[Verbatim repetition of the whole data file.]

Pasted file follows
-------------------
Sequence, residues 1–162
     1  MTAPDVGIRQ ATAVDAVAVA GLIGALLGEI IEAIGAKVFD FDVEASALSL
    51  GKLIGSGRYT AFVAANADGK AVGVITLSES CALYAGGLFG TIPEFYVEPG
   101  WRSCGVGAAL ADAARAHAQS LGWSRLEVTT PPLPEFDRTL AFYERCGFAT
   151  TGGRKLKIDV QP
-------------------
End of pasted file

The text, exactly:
Sequence, residues 1–162
     1  MTAPDVGIRQ ATAVDAVAVA GLIGALLGEI IEAIGAKVFD FDVEASALSL
    51  GKLIGSGRYT AFVAANADGK AVGVITLSES CALYAGGLFG TIPEFYVEPG
   101  WRSCGVGAAL ADAARAHAQS LGWSRLEVTT PPLPEFDRTL AFYERCGFAT
   151  TGGRKLKIDV QP